Easy No-Sew Fabric Flower Basket Liners

Fabric Flower Basket Liner

I really hate the look of plastic hanging baskets, but the problem with the nice metal wire baskets is that you have to keep buying new liners, usually every year. I have been trying to come up with more sustainable basket liners I can reuse and I think I found a winner. I am going to show you how to make some rustic style and super-easy fabric flower basket liners that can be washed and reused next year, no sewing skills needed!

Why make fabric flower basket liners?

Flower basket liners are usually made with coconut coir and have a few issues. One, suppliers of coco coir claim that it is sustainable and eco-friendly, but if you live in the United States, the coconut fiber has to be shipped from very far away, and any product that requires long shipping distances isn’t great for the environment. Plus, I find that these types of liners allow water to pass through so easily, that your flowers are constantly dry and in need of watering. I also find that between the birds trying to pick the liners apart to use the fibers in their nests, and plain old decomposition over time, that they are tough to use for more than one season. Or at least they don’t look too great the second season. So I’ve been searching for some less wasteful alternatives.

I tried a few other methods for making my own basket liners last season. I actually tried to make papier-mâché liners. That was a disaster, they disintegrated after a few weeks. Then I tried lining the baskets with brown paper, but those did not hold up well either.

So far, these fabric basketliners are working out quite well. I’m always looking for ways to waste less and create less work for myself. These were pretty easy and believe me, I am not very crafty or handy with tools. If I can make these, so can you! So here are the instructions. (This tutorial assumes you already have some metal wire hanging baskets to use.)

Making Fabric Flower Basket Liners

You will need:

  • Fabric
  • Safety pins
  • Twine
  • 2 plastic grocery bags
  • Scissors

Choose your fabric

I didn’t have any appropriate fabric lying around the house, so I visited a couple thrift stores and found an old brown tablecloth for a few bucks. It was sturdy, but still pliable. The cut edges may unravel a bit, but that’s okay because I’m going for a rustic look. I also chose a darker brown color, because something like tan or beige will be more likely to show dark soil stains as the season goes on.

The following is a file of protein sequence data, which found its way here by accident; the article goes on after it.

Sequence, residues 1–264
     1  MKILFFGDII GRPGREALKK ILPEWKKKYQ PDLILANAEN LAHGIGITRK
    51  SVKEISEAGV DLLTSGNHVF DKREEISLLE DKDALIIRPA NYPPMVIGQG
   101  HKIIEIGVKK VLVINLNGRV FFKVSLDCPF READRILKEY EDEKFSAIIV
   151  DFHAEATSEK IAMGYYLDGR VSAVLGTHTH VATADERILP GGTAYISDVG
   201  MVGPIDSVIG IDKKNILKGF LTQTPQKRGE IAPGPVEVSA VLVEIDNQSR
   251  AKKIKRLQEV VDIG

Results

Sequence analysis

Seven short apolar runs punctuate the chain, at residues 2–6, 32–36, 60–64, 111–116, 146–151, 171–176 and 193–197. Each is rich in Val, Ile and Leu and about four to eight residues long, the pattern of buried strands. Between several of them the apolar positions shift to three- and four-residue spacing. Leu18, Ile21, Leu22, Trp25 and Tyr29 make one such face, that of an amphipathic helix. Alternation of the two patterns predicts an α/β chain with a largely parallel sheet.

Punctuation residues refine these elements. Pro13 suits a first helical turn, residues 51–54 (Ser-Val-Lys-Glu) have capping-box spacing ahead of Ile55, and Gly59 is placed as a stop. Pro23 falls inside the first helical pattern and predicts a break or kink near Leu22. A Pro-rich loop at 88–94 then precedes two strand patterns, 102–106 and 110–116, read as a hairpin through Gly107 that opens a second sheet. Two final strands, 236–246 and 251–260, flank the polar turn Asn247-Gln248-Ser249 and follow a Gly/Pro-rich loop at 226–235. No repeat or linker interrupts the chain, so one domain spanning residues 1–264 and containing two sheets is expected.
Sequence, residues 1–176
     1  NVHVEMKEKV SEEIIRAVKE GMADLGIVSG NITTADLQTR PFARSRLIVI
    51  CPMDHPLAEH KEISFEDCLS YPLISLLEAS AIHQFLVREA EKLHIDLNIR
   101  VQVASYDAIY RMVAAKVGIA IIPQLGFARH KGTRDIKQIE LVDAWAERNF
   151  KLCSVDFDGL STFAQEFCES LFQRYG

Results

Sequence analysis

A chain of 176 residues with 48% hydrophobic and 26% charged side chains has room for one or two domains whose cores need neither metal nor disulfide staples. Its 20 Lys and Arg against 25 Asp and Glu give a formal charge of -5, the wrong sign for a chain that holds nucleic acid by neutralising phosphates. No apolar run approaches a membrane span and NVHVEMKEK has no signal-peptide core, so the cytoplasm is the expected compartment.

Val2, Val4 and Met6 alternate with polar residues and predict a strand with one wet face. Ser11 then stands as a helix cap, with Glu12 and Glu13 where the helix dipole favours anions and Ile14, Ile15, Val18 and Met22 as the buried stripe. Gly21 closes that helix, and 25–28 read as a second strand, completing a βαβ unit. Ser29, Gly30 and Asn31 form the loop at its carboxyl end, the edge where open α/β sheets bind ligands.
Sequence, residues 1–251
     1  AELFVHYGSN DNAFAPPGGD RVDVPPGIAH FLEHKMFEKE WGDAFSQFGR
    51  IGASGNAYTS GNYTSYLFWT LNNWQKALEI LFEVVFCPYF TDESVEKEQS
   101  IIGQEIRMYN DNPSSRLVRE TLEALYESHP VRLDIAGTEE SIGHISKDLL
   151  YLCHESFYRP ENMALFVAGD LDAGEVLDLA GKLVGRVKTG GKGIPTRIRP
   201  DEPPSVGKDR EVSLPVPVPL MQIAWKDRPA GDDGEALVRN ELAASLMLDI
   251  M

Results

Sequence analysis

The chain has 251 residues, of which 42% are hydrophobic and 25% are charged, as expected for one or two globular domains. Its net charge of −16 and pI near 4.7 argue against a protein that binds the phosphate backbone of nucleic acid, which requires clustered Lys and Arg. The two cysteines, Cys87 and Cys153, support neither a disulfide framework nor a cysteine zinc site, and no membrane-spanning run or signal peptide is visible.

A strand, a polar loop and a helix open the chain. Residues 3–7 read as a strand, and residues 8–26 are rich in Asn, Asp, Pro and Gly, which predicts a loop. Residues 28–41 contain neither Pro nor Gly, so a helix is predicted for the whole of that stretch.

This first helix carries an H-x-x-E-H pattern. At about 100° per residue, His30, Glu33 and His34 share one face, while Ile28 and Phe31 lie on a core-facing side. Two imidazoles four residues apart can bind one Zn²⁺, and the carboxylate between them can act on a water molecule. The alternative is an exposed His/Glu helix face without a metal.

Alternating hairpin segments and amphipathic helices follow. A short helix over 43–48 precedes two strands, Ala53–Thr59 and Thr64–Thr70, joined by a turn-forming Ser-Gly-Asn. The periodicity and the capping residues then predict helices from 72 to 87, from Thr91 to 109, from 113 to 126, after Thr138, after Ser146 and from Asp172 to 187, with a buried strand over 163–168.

Step 1: Cut the fabric into a large circle.

Lay out your fabric and cut a circle of fabric considerably larger in diameter than the basket. You need enough to overlap the edge of the basket so it can be pinned into place. (I misjudged on the first one I did and didn’t leave enough excess. Once I set the fabric into the basket, it no longer overlapped.) Be generous, you can trim off any excess at the end. See image below for an idea of how big it needs to be.

Cutting fabric for basket liner

Step 2: Pin the fabric to prevent slipping.

Now lay the fabric inside the basket. It helps to set a small object or bowl inside the basket to hold the fabric down while you work. I used a clay flower pot tray. Working around the edge, pin the fabric in place with safety pins. This will hold the fabric so that it will stay in place and doesn’t bulge or fall through the openings in the wire basket. It will look like this:

Pinned fabric basket liner

The pins will get rusty as the season goes on, but they should hold together fine.

Step 3 (optional): Line basket with plastic.

This next step is optional, but I find that adding a plastic liner will help keep your flowers and soil from drying out too quickly. Take two plastic grocery bags and cut the handles off of each. Then cut a slit down the side of the bag from the opening to the base so that the bag can be opened up and laid into the basket on top of your liner. Overlap the bags like this:

Plastic basket liner

Again, I have used the flower pot tray to hold the bags in place (the wind kept trying to blow them away). This formation will hold some water in so that it doesn’t dry too quickly, while also allowing it to drain around the overlapped areas so that it doesn’t become waterlogged. If you use a plastic trash bag or another type of sheeting to line your basket, be sure to poke some holes into it so that it has some drainage.

Step 4: Add potting soil and flowers, trim excess.

Go ahead and add your potting soil and flowers (removing whatever object you set inside to temporarily hold the fabric and plastic in place). Once the soil is almost to the top of the basket, trim off the excess plastic. Fill in the rest of the soil and tuck any visible bits of plastic under the soil as needed. Trim off any excess fabric to suit your taste. To add a finishing touch, add some twine around the outside edge of the basket to hold the overlapping fabric in place. You’re done!

Fabric Flower Basket Liner

At the end of the season, you should be able to wash this fabric liner and use it again next year. Have you made your own fabric flower basket liners? We’d love to see them. Share it on the Green and Grumpy Facebook Group!

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